from Net Politics and Digital and Cyberspace Policy Program

At Black Hat, Hottest Cyber Product Didn’t Have a Booth

Rob Knake CRF Cyber Net Politics Black Hat

August 10, 2015

Rob Knake CRF Cyber Net Politics Black Hat
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Ah, Vegas in August. 100-degree heat, pool parties, and thousands upon thousands of hackers. Every summer the cybersecurity world takes over Sin City for a week. Black Hat, growing ever more corporate and responsible, is paid for on expense accounts. DEF CON? Well DEF CON is paid with cash at the door.

I spent a week out there meeting with new technology companies, talking to chief information security officers (CISOs) about their challenges, and getting schooled in the art of network forensics by the good folks who run Packet Detective. Looking back on the week, there was one dominant theme: the need for more skilled professionals in the field.

After a day of hearing pitches from startups I asked the CISO of a popular streaming service what he was shopping for. He answered in one word: “people.” He then asked me what I did and then just as quickly turned his attention on a security operations center analyst at a major credit card company (turns out cyber policy wonks are not in short supply).

The hottest party of the week wasn’t hosted by FireEye or Palo Alto Networks. It was hosted by Nike (see photo above). No, Nike isn’t slapping its famous swoosh on network security gear. If you want to get an idea of how desperate companies are, a maker of athletic apparel now throws parties at Mandalay Bay to recruit cyber talent.

It’s clearly a sellers market. Unfortunately, the market for talent doesn’t work the way that the market for firewalls works. More forensics experts cannot be rolled out of a cleanroom. Training takes time and money and in this field much of the learning is best done on the job.

Years ago, I wrote about one model for solving this problem: have the military train cyber skills and then push out the skills and experience to the private sector. It’s worked for the navy’s nuclear sector and civilian nuclear power and for military pilots and commercial aviation. As one senior official in the Pentagon recently pointed out to me, in 1939 the Army Air Corps had 22,000 members. Five years later the renamed Army Air Force had 2.4 million. DOD can scale.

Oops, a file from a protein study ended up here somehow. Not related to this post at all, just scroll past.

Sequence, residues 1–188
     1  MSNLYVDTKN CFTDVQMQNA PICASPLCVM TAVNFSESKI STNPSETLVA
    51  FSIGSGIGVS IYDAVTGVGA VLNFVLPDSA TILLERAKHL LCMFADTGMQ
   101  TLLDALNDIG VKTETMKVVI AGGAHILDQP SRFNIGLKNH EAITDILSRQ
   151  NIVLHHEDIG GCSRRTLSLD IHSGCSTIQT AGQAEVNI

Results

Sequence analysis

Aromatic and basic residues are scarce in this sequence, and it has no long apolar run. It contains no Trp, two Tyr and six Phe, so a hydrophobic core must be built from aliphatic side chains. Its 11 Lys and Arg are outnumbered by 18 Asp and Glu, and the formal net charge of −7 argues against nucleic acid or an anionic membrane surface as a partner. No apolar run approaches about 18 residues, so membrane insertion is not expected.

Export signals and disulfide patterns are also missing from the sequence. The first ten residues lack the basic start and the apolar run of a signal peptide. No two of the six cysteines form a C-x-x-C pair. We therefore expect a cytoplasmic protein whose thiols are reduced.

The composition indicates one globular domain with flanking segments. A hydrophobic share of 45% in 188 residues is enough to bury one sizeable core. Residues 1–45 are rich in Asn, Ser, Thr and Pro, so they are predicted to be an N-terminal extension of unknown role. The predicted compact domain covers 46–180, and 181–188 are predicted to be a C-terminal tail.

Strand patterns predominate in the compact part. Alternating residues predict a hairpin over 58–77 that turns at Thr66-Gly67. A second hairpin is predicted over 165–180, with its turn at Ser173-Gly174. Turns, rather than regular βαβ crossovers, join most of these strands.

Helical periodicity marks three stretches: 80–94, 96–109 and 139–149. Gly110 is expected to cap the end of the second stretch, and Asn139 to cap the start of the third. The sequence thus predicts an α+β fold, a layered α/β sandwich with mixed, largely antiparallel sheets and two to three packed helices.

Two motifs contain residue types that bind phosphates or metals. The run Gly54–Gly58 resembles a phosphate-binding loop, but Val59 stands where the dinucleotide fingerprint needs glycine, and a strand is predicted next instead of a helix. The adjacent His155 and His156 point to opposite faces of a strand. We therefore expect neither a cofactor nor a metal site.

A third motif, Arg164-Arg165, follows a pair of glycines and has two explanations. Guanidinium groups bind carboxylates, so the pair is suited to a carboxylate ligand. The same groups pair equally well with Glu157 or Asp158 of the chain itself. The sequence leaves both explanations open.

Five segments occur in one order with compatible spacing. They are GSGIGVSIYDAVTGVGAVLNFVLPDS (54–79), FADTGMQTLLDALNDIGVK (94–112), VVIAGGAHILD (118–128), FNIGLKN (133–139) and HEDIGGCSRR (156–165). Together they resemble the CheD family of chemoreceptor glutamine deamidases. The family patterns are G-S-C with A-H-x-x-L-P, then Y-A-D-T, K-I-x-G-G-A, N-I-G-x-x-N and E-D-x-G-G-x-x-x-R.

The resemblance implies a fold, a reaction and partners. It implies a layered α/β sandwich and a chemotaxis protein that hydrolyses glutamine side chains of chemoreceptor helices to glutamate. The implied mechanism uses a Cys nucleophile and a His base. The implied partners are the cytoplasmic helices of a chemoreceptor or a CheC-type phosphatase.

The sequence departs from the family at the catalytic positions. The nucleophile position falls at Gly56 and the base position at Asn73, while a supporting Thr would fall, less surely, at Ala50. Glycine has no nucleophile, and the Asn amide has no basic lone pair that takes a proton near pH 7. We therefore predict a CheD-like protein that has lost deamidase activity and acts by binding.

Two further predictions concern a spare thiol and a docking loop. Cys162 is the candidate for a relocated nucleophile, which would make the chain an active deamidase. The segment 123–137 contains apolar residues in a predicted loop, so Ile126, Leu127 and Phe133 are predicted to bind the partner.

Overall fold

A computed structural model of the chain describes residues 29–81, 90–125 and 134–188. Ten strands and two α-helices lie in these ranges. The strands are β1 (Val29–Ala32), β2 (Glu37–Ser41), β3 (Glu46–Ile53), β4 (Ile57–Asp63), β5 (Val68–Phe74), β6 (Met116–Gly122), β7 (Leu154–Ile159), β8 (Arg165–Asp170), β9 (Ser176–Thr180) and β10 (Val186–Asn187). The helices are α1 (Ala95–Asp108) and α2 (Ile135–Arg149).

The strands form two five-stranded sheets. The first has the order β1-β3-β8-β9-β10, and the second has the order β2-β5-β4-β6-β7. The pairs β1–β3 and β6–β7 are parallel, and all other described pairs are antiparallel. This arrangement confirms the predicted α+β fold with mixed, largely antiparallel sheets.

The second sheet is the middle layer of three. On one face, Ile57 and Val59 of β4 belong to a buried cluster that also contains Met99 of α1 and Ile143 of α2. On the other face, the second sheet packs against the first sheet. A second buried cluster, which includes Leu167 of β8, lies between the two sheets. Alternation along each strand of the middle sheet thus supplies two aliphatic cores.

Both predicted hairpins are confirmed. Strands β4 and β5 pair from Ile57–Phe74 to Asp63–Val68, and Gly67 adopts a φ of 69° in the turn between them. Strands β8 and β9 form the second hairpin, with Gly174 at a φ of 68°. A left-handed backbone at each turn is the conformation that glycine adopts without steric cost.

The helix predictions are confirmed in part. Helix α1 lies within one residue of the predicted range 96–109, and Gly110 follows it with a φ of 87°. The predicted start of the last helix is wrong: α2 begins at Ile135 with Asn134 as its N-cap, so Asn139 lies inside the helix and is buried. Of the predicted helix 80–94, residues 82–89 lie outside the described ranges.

Yet, at current numbers, the 6,000 cyber warriors Admiral Rogers is training for Cyber Command will be snapped up by the private sector as soon as their enlistment contracts are over without making a dent in the workforce demand.

Instead of looking to government, the cybersecurity industry should steal a page out of the casino industry playbook. If you’ve ever wondered how Mario Batali can open a new high-end Italian eatery in the middle of the Nevada desert without having to pluck his restaurant team out of midtown Manhattan, the answer is the Culinary Academy of Las Vegas.

Run in a unique partnership by the Culinary Workers Union with fees paid by the big Strip casinos, the Culinary Academy trains more than 3,000 workers a year to work as line cooks, bartenders, and servers at Las Vegas hotel restaurants. Graduates leave with the basic skills needed for entry-level positions, ready to gain new skills on the job and focused training down the road.

The most remarkable thing about the Culinary Academy is that it is free. The fees from the casinos not only cover classes but daycare and other side perks.  The do-it-yourself/phone-a-friend approach that most people in the cybersecurity industry used to gain their skill set clearly has reached its limits. Perhaps it is time for the many rivals hawking their wares on the floor of the Mandalay Bay Convention Center to band together and train the workforce so that there is someone to respond to the millions of alerts of malicious cyber activity their devices generate each day.

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